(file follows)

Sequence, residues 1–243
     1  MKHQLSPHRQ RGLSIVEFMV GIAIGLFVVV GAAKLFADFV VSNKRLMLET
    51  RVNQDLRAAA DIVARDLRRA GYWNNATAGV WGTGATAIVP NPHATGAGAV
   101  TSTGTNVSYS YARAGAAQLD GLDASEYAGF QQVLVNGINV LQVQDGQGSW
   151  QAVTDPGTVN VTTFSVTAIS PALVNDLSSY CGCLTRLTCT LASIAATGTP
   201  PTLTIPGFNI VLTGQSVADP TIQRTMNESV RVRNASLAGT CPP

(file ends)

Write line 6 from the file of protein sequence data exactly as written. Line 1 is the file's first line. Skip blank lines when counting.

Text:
   201  PTLTIPGFNI VLTGQSVADP TIQRTMNESV RVRNASLAGT CPP